Although AMD has not specified anything official in this regard or commented on details of RDNA 2 improvements such as architecture, we do have an idea of how it is going to achieve the dreaded task of introducing specific units for Ray Tracing in its GPUs. This will extend to the iGPUs of the consoles, so we are facing a novelty shared by all sectors, but how will they do it?
As it has happened to NVIDIA, AMD will have to carry out, due to pure restrictions of the current architecture, a hybrid approach to Ray Tracing technology, that is, they will have to rely again on the texture processors to give life to the layout ray in real time.
The BVH algorithms will therefore be, once again, key to knowing the performance that the new RDNA 2 architecture will offer by means of fixed function units very similar to NVIDIA. Still, AMD cannot be said to be copying Huang’s, as the implementation is different, but the concept is similar in terms of form.
Shaders will be key to the performance of fixed units
In the case of NVIDIA we have talked a lot about the fixed function units known as RT Cores, so AMD will do the same with its own, which it has called as “fixed function ray intersection engine” , something like an intersection engine of rays as a fixed function.
Actually, and after this name, what we will find will be some hardware units that specialize in BVH algorithms (by software as in Pascal we have already seen the results against Turing at the same graphic power) but at the same time they are not as complex like NVIDIA options.
AMD’s idea is to reduce the storage dependency of ray tracing specific data, using the current memory buffers of the texture system. This has two positive factors: the chip area is not enlarged and at the same time it is a more simplistic design for the architecture.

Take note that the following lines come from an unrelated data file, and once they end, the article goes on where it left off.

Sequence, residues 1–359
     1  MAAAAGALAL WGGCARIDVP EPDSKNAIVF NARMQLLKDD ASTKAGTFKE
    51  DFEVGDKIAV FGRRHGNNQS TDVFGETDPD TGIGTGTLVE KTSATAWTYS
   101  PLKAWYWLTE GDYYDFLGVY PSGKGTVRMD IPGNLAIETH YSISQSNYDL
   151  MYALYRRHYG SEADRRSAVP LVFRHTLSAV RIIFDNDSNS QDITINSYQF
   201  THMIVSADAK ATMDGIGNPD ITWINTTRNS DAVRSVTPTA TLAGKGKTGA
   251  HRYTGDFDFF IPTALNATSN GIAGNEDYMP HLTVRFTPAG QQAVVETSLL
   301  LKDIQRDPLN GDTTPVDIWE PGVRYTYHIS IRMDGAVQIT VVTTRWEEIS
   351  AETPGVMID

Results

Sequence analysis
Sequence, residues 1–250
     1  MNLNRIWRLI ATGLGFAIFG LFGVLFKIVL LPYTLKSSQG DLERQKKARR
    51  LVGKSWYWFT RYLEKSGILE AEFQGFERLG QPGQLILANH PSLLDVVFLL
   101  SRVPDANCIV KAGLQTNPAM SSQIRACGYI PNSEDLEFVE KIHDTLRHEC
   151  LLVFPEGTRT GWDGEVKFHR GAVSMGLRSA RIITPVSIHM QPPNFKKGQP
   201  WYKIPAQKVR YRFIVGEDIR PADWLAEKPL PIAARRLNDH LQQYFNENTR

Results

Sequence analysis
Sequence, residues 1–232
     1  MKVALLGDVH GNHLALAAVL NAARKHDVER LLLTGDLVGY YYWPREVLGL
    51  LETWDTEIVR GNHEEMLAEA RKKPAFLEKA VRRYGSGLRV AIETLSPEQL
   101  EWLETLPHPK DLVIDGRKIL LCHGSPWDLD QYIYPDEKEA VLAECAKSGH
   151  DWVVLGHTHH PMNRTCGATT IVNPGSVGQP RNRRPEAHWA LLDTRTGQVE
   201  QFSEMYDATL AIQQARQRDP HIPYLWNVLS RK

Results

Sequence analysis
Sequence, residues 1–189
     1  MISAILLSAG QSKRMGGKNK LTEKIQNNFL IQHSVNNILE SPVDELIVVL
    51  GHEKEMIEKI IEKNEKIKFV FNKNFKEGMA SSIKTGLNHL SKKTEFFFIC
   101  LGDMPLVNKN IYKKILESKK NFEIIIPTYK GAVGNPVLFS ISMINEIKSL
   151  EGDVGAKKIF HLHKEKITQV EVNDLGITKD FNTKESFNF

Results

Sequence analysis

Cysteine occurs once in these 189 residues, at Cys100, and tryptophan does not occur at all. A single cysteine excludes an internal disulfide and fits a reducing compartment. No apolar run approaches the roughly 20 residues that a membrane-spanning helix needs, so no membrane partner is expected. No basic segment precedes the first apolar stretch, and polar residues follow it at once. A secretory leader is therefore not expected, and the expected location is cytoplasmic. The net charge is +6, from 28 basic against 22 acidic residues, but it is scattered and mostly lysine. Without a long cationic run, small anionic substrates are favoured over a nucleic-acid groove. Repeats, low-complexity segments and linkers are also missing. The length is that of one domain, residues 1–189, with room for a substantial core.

Without additional hardware scheduler, is AMD’s approach to Ray Tracing optimal?
At the moment it is not clear, there are rumors of an alleged demonstration of Cyberpunk 2077 on an alleged RDNA 2 GPU versus the RTX 2080 SUPER where, apparently, the AMD option is much faster in Ray Tracing. Of course, grab this information with tweezers, it’s just a rumor.
In any case, everything seems to indicate that AMD’s approach is based on the Shaders sending the ray tracing data to the texture pipeline for the fixed intersection motors to process. What does this imply on paper? In theory, more intersections per second are processed and fewer clock cycles are required to carry out these calculations, increasing performance.
For this, the architecture will have a series of units: Shaders, texture processors or TP, larger caches and, above all, an interconnection of these with lightning intersection motors. In summary, AMD’s system is much simpler than NVIDIA’s for developers, since in the case of Huang’s, programmers have to work with at least two different engines (Shader + RT) . Instead, AMD reuses many of its units and buses, where only the new intersection motors are the novelty as such.
It takes advantage of the plot to perform the calculations that are stored in the same cache and gives the programmer the power on which drives and routes it can work, thereby optimizing performance, lowering consumption and not having to create larger chips.
There are two hybrid approaches that work on paper, we will have to wait for both RDNA 2 and Ampere to be on the market to see which technique is the most optimal.